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On the nature of information and knowledge and the interpretation in the economic sciences.

THE NATURE AND CONCEPTUALIZATION OF INFORMATION

During the last forty years or so, the term "information" succeeded in pervading science, technology, as well as everyday life. In this regard, "information" is not unlike the term "energy" which--in spite of its usage since the time of Aristotle--attained widespread scientific and popular use during the nineteenth century.(2) Indeed, there may exist other parallels between these two concepts and perhaps even a more intimate common ground. Above all, it seems likely that information requires a conceptual process no less torturous than the one that purified the notion of energy during the last 200 years. Although this article is primarily concerned with economists' conceptions of information and knowledge, the first part may help to illuminate these crucial notions from a more general point of view.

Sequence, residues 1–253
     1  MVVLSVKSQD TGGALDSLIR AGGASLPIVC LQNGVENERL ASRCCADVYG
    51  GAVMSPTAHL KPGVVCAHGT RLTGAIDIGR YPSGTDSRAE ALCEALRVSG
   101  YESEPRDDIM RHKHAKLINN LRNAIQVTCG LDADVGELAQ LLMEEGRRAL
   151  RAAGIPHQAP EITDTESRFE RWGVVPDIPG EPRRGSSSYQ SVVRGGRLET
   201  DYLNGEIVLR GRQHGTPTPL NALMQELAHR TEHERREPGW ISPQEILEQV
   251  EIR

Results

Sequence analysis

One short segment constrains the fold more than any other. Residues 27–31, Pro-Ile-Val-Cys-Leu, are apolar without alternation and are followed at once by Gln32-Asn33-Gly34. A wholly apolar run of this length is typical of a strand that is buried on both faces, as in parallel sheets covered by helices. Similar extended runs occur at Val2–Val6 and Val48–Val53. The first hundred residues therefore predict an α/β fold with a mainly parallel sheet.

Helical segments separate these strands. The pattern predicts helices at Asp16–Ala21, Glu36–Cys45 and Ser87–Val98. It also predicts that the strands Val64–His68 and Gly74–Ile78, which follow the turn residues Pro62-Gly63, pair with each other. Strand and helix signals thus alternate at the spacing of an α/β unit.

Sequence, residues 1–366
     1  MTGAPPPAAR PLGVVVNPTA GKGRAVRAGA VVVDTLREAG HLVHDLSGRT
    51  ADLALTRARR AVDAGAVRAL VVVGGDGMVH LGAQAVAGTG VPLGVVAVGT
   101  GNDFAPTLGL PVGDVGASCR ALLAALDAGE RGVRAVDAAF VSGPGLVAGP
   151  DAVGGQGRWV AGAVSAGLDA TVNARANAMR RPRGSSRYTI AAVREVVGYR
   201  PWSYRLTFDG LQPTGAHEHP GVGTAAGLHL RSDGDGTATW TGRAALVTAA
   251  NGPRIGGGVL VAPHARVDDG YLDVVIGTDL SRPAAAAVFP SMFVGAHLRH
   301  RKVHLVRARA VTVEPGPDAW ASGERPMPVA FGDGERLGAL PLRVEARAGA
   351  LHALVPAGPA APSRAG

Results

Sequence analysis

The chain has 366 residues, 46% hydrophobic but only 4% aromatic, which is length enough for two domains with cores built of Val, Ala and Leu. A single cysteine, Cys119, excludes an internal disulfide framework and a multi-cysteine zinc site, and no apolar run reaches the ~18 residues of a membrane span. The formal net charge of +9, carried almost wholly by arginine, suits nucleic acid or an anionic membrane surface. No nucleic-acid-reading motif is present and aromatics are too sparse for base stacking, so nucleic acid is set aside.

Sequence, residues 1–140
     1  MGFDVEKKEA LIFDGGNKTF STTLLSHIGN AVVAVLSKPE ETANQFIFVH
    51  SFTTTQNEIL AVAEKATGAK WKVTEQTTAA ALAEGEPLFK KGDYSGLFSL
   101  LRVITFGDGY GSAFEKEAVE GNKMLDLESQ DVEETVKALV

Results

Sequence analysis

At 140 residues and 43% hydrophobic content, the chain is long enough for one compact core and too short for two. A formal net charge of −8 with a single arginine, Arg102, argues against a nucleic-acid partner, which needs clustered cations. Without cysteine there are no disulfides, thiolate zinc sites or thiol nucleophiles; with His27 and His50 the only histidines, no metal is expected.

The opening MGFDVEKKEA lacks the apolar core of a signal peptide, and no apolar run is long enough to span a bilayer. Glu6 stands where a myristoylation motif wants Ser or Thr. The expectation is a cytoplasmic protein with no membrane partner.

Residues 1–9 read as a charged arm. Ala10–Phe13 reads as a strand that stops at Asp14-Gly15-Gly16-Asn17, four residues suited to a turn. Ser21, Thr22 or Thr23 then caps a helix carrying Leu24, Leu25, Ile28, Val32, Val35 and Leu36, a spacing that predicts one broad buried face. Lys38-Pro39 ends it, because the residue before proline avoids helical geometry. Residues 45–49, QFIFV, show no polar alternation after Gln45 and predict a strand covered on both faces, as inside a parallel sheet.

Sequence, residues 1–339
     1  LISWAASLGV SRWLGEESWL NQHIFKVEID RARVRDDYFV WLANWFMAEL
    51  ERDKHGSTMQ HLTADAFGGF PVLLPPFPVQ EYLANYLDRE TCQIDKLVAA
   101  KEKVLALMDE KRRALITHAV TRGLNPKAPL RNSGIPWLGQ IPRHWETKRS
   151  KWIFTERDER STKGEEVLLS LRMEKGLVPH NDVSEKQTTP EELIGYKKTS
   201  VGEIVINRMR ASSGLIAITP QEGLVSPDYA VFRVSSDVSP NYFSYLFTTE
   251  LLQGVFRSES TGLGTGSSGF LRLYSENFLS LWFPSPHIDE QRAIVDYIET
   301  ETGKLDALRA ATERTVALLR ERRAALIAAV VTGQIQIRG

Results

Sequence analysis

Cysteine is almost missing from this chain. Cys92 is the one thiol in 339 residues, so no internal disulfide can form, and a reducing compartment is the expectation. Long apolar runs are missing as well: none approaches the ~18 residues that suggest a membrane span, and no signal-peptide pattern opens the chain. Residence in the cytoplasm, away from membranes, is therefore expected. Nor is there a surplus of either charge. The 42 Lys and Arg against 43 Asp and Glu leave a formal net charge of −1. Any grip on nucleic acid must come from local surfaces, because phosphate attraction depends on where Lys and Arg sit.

Energy as Information and Information through Energy

The thought that energy and information might be two facets of one and the same concept is still too remote for most scholars to contemplate. Yet, in physics, energy is defined as the potential to do work, which means it has the potential to change things (or prevent change where it would occur without a particular source of energy). Surprisingly, the major feature of information too is the potential to induce change (see the definition in the section "Information: Different Meanings and Common Ground"). On a physical level, energy and information seem to be so alike that one hardly needs the term "information"; the single expression "energy" usually suffices. Two electrons, for example, repulse each other because of the negative electrical charge of each of them, but, in this process, the electrons exchange a photon. Is it not this photon that "informs" each particle of the charge of the other? How else would those particles get information about the other's charge? How could a force that does not inform (in the most basic sense of the word) trigger such a repulsion or any other action?